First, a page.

By JESS BIDGOOD
Storm clouds gathering at dusk in the White Mountain National Forest outside of Fabyan, New Hampshire. (Tristan Spinski for The New York Times)
BENTON, New Hampshire — The hiker trudged up a logging road and into a valley, a route that seemed unremarkable. There were no sweeping views of the mountains. Yet he stopped suddenly, jubilant, after about 6.5 kilometers of walking. He had found what he was searching for: quiet.
“Let’s see,” said the hiker, Dennis Follensbee, “how we experience three minutes of silence.”
In these loud times — with political foes yelling on television, trucks rumbling through streets, and smartphones chirping — who doesn’t want a little peace and quiet? But some wilderness lovers have taken their aversion a step further, traveling to some of America’s most remote areas in a quest for utter silence.
Armed with Google Maps, bushwhacking tools and 16 years of experience hiking in the area, Mr. Follensbee, a programmer from Lebanon, New Hampshire, is on an exhaustive search for the noiseless hollows and dells of New Hampshire’s White Mountains.
“I know there must be places I can go to have peace,” said Mr. Follensbee, 39, who has mapped 23 so far, though he has shared the exact locations sparingly. (If quiet places are widely known, he reasons, “they cease to be quiet.”)
Connoisseurs of quiet say it is increasingly difficult, even in the wilderness, to escape the sounds of vehicles, industries, voices. A study published last year in the academic journal Science found that noise pollution was doubling sound levels in much of the conserved land in the United States.
Noise that humans create can be annoying but also dangerous to animals who rely on hearing to seek their prey and avoid predators. “We’re really starting to understand the consequences of noise and the importance of natural sound,” said Rachel Buxton, a biologist at Colorado State University.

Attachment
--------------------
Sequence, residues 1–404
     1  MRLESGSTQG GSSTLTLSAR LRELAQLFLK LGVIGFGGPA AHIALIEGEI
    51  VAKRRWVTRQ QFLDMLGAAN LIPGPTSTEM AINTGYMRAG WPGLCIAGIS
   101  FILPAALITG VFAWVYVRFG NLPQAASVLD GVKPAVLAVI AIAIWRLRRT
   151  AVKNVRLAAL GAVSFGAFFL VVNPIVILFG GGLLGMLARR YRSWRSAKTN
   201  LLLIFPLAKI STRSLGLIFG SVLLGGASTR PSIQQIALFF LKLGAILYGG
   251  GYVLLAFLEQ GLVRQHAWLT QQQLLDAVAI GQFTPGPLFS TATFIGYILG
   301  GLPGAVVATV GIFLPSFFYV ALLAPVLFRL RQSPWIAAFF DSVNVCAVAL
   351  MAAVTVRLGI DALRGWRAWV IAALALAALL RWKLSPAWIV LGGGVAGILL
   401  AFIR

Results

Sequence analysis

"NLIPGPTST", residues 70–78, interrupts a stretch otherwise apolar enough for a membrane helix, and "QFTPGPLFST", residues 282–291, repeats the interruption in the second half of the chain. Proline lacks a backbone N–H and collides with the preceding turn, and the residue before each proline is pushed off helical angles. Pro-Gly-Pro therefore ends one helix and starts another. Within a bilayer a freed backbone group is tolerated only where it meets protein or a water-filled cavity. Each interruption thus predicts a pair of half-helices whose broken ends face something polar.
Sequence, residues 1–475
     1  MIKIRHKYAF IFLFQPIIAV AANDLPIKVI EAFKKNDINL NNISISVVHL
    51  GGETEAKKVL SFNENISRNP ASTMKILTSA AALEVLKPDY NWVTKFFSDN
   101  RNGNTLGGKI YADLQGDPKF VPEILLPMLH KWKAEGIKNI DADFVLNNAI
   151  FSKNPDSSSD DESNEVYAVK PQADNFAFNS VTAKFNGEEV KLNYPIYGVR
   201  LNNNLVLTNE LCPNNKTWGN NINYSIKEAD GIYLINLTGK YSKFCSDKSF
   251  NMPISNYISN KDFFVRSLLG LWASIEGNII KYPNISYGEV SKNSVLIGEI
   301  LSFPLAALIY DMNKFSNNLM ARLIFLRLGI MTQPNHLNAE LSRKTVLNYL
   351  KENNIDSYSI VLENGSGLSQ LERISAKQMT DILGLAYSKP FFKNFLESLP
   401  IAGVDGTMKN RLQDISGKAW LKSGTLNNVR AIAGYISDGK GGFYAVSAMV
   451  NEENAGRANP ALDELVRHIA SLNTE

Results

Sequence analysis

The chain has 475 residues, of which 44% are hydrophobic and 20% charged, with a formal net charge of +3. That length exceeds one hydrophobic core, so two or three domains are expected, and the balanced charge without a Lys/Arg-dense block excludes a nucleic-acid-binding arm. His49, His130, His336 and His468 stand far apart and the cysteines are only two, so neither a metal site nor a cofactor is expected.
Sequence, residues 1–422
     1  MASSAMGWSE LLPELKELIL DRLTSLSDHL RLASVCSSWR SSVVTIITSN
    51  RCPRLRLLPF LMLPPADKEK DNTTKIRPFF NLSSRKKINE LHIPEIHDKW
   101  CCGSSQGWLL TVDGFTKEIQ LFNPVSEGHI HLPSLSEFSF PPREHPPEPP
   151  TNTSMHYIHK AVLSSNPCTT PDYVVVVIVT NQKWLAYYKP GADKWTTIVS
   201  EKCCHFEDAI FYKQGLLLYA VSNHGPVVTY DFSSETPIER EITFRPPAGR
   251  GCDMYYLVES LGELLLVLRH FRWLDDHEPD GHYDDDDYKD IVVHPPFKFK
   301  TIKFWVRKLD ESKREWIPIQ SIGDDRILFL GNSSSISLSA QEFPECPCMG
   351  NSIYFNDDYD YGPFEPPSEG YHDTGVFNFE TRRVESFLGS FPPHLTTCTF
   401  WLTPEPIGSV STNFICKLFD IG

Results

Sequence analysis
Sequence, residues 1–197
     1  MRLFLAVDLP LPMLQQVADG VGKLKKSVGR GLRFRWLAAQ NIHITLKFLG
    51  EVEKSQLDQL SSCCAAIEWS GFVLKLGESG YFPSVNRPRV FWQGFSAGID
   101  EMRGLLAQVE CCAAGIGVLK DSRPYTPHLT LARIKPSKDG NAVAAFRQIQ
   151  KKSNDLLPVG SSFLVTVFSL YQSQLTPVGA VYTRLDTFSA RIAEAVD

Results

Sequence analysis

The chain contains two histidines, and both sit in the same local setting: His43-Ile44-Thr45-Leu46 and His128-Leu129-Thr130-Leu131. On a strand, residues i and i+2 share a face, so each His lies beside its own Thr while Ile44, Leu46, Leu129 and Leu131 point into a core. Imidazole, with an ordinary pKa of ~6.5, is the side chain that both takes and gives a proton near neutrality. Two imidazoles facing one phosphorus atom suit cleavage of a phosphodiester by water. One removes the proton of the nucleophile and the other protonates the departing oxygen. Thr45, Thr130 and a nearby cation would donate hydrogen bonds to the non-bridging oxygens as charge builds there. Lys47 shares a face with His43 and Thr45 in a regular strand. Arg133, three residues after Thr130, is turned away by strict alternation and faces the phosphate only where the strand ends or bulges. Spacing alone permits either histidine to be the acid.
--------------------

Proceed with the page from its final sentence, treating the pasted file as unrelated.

In Washington State, Gordon Hempton, an acoustic ecologist, has made it a mission to preserve what he calls “one square inch” of quiet in Olympic National Park. He and others have raised concerns about noise from loud Navy jets, but says he believes that Olympic National Park is one of only about 12 places in the continental United States where a person could listen for 15 minutes and hear no man-made sound.
“We need to defend quiet places that remain as well as clean up places that should be quiet,” Mr. Hempton said.
At Muir Woods National Monument in California, officials have taken steps to lessen noise, like posting signs urging people to keep their voices soft. For years, conservationists seeking to minimize noise from visitors and helicopter flights at the Grand Canyon have met opposition from businesses and Indian tribes that depend on tourism and recreation. And people whose passions make noise — like motorcyclists — say they, too, have the right to enjoy the wilderness.
“The sound, it’s thrilling when you’re a motorcycle rider,” said Peter Spinney, 75, a New Jersey resident who rode through the White Mountains in August. “That’s part of the attraction.”
Mr. Follensbee visited one of his spots the other day and pulled out his phone to record sounds. For three minutes, a soft hum of insects, a rustle of leaves, the calls of birds was all there was. Then came the whine of a vehicle, its motor growing louder as it neared.
“It is a little disappointing,” Mr. Follensbee said. “We’re so far out.”